Exchange zero-day Exploit
Which technical vulnerability has been exploited?
On the evening of Tuesday, March 2, 2021, Microsoft announced four vulnerabilities in the Microsoft Exchange enterprise messaging system: CVE-2021-26855, CVE-2021-26857, CVE-2021-26858 and CVE-2021-27065.
These vulnerabilities allow attackers to gain access to the Exchange server without authentication, through which malicious code can be launched to retrieve information or potentially install a program for the creation of a subsequent access to the server.
How did we implement the patches for our customers?
Microsoft immediately prepared a patch to be installed on the servers affected by the flaw. This update was immediately tested on Wednesday afternoon by our technical teams to anticipate the risks to our customers infrastructures and was then installed on the servers of around ten of our customers affected.
Why is it necessary to investigate potential attacks?
By Wednesday evening, almost all our customers’ servers were protected, but it was still essential to know if they had been targeted by attacks that might have compromised them. To do so, Microsoft released a program to obtain attack and compromise indicators. We carried out this investigation program on all Exchange servers: 7 servers out of 13 were identified as potentially attacked and therefore potentially compromised. The manual investigation that we would conduct starting Thursday evening has confirmed that each of these 7 servers has been attacked.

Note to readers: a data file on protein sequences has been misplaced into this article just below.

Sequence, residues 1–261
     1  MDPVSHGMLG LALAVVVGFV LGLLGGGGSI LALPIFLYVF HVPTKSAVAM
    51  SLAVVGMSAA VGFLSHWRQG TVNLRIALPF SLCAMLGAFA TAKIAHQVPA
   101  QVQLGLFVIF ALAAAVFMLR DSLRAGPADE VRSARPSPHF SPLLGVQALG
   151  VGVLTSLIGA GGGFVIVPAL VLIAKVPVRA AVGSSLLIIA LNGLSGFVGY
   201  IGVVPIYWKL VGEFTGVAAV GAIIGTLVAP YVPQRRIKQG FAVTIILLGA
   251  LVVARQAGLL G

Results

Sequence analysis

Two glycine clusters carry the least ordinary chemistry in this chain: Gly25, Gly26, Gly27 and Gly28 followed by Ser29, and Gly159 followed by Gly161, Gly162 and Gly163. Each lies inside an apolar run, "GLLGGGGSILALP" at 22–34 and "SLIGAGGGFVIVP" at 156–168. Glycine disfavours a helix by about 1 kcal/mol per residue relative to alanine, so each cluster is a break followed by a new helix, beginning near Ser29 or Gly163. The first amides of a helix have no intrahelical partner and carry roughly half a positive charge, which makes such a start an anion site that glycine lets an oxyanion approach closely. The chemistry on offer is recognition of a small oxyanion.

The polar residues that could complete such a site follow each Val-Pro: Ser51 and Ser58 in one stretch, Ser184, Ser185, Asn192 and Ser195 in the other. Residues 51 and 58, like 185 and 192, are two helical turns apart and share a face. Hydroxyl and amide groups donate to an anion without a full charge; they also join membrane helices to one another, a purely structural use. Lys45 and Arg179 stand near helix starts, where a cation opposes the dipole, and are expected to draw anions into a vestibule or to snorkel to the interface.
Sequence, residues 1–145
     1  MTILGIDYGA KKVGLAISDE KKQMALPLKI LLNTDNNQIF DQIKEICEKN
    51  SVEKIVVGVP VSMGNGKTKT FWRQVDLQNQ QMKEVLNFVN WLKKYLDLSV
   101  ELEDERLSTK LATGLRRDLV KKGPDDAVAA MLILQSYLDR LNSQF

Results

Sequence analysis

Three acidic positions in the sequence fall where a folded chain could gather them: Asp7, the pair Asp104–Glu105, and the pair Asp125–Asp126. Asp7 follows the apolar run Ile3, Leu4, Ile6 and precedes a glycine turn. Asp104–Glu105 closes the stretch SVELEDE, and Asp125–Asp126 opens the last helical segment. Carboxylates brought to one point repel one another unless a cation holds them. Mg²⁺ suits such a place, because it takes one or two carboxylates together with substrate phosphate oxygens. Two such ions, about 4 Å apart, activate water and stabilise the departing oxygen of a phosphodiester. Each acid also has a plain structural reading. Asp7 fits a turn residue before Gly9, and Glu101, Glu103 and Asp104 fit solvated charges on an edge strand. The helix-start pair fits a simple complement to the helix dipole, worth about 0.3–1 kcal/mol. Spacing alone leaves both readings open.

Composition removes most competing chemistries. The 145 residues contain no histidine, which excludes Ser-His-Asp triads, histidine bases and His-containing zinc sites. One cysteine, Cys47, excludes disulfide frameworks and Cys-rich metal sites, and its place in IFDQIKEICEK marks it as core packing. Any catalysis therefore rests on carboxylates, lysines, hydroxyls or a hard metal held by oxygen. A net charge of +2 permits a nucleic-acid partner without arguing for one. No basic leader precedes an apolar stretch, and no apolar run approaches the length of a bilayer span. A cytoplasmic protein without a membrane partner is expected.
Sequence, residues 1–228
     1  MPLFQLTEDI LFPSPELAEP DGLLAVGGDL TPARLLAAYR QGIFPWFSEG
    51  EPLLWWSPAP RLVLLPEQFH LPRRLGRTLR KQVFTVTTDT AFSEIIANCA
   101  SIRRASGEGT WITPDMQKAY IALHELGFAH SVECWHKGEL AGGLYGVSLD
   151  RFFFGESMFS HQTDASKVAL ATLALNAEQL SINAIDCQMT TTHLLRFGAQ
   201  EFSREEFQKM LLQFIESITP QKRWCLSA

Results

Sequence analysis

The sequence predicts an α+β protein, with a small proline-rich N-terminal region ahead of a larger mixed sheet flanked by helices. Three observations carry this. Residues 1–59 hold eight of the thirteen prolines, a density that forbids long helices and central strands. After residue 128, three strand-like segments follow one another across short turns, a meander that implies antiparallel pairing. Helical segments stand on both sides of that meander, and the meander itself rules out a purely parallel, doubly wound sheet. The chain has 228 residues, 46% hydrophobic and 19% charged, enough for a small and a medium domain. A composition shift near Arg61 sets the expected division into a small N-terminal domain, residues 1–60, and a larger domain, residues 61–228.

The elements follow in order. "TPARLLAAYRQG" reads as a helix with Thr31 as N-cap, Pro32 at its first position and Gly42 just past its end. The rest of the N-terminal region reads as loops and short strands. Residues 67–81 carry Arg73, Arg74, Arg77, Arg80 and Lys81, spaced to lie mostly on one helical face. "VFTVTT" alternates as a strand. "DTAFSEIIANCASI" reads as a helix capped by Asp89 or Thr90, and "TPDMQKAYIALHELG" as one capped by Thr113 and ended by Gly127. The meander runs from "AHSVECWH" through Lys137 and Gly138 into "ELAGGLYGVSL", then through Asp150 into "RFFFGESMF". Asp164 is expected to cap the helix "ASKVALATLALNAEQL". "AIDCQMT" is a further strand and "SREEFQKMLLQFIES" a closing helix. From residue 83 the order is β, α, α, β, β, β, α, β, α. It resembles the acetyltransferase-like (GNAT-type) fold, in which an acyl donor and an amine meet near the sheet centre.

We observe the lightning speed of the attack by noting that it had already started quite early on Wednesday morning, the day we became aware of the vulnerability through Microsoft’s official communication channels.
A proven compromise is found on two servers and we found evidence of vulnerability exploitation on the other five servers (POST /ecp/y.jc as presented above, whose code “200” validates a successful code execution).
We took the decision to consider servers with these signs as compromised, because it is not possible to prove what was executed by the attacker.
We therefore immediately decided the following: the replacement of the Exchange servers presenting this proof of code execution is necessary, to avoid any security risk related to the potential installation of a backdoor. At the time of this writing, this work has been completed for almost all our customers concerned and is being finalized for the last ones.
What is the impact for you, especially in terms of data leakage?
All the investigations we have carried out to date show three essential information:
Our system consultants and our security auditor team remain on alert, our above position will be re-evaluated in the coming days based on further investigation and information received from Microsoft, this article will be updated as potential discoveries are made.
What do you need to do?
If you haven’t already done so, it is urgent to apply the patch on your Exchange:
If this is impossible (cumulative update too old for instance), it is strongly recommended to close external accesses to the mail server if possible.
During the manual investigations, we also limited the risks by closing the inbound/outbound flows to and from all the attackers’ IP addresses, in order to prevent potential interactions that could occur if a backdoor had been deployed. Even if this measure can be circumvented by attackers, it can have a discouraging effect, saving you time by directing them to other targets.
Contact us at email@example.com or 022 734 78 88 for any investigation request or if you would like more information about these vulnerabilities.
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